FIG. 4 illustrates an perspective view of the stencil holder 18. The stencil holder unit fits into the stencil receptacle 16 of FIG. 2. Guide pins 32 are provided in the corners of the stencil holder. The stencil and substrate have preformed holes in corresponding corners that slip over the guide pins to compel proper alignment of the stencil relative to the substrate within the attachment machine. A lip or shelf formed around the edges of receptacle 16 such that the holder 18 is supported when inserted. When inserted into the receptacle 16, holder 18 is latched into place with an suitably latching mechanism (not shown). By way of example, the latching scheme may include a series of protrusions and matching holes formed on the holder and receptacle. The holder 18 can be conveniently unlatched at the appropriate time when the stencil is being changed. The holder 18 is designed to lock to the base while the strip is being removed after flipping over the machine.
Referring to FIG. 5, a stencil strip 20 suitable for use with the attachment machine 10 of (FIG. 2) in accordance with the present invention will be described. An array of holes 21 are formed in a multiple unit stencil strip 20 where each unit corresponds to an array for a separate semiconductor package. Stencil 20 can be constructed by machine drilling the array holes 21 into a variety of metal or plastic plates. Other possibilities include multiple laminated stainless steel plates (dual) that are often used in the screen printing industry.
A wide variety of hole configurations may be used in the stencil. By way of example, FIG. 6a illustrates a configuration used when vacuum assist pickup is not used, that is, solder balls are positioned in holes by rotating or otherwise tilting the stencil until the balls "fall" into the holes. This procedure has the drawback of requiring the whole device or at least the stencil part of it to be movable. For this configuration where a hole must be formed, typically by drilling, partially through a single plate, it is difficult to drill and maintain the precise depths of the bores necessary. Furthermore, when partial boring, it has proven difficult to obtain smooth bottom surfaces of the holes at these small dimensions. Therefore it is easier to use a two piece arrangement whereby the first piece is drilled completely through and superimposed over and attached to a second undrilled piece.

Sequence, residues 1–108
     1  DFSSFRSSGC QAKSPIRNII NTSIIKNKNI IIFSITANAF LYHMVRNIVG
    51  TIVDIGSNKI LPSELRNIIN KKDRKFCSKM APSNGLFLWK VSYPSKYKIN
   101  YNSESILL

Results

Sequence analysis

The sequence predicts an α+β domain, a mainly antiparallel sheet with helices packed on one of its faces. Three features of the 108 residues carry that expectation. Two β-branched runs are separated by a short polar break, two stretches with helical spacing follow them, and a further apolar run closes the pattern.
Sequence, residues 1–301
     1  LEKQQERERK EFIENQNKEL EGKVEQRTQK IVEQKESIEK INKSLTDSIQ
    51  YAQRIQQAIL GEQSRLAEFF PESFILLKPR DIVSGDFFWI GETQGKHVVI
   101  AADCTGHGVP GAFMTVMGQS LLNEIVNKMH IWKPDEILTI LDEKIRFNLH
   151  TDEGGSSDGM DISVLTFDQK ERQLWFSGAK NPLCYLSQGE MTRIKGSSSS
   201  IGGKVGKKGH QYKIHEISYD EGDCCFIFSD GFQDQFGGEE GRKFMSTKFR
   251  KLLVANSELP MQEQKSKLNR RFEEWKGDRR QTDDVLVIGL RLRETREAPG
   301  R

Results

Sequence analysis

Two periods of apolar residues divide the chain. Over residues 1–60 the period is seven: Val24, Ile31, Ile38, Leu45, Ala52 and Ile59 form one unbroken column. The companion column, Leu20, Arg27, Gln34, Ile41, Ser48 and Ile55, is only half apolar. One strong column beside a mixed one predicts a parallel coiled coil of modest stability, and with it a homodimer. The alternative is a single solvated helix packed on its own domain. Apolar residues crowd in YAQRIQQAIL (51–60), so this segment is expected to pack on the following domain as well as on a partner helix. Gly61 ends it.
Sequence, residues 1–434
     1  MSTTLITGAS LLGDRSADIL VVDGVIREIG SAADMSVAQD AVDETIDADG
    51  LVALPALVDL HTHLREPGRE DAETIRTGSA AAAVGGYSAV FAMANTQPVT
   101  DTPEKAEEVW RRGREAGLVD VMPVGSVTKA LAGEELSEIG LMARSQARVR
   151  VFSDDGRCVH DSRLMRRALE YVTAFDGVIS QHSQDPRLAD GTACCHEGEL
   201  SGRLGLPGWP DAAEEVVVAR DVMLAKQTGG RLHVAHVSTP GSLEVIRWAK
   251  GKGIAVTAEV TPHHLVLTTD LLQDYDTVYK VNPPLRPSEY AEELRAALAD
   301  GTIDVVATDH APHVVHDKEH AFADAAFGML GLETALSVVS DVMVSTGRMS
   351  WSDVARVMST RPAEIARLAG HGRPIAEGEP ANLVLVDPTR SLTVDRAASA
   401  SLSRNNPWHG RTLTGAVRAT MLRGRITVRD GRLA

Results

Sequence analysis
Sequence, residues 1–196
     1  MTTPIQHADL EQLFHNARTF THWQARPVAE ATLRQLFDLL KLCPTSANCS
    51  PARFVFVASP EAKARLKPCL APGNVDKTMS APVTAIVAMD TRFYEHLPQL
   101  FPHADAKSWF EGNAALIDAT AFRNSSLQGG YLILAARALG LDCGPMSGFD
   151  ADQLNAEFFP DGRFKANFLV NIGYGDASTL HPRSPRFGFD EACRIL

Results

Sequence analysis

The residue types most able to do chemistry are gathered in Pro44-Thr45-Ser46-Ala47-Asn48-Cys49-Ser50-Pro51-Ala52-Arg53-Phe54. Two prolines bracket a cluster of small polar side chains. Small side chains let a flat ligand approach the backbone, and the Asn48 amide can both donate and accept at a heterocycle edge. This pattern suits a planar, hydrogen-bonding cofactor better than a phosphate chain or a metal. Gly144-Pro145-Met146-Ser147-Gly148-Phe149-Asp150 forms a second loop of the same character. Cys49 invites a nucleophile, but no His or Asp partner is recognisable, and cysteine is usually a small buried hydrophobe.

Referring back to FIG. 6a, a stencil 20 in accordance to a first embodiment is shown. Array holes 21 are formed into a first plate 37 where the bore diameter in the plate 37 is slightly larger than the diameter of a solder ball 38 such that only one ball comfortably fits in hole 36. The depth of hole 36 is determined by the thickness of plate 37. The deeper the hole the more the balls tend to stay put once inside and it therefore has been found, by way of example, a depth of approximately one-half the diameter of the ball works well. Plate 37 is then superimposed over and attached to a second plate 39, effectively leaving a hole bored halfway into the combined stencil plates.
Referring to FIG. 6b, an illustration of a bore configuration incorporating a vacuum assist conduit 42 is shown. In a single plate design, this can be accomplished by first boring the smaller conduit hole 42 through stencil 20 and then partially boring on top of the conduit 42 for the array hole 36 into a single plate (not shown). Again, for ease of manufacturing, it is simpler to use a two piece arrangement where the first plate 37 is drilled as in the embodiment in FIG. 6a. The second plate 40 is formed with an array of smaller conduit holes 42 completely through a second plate 40. The first plate 37 is then superimposed over and attached to plate 40 leaving the resulting configuration as shown in FIG. 6b.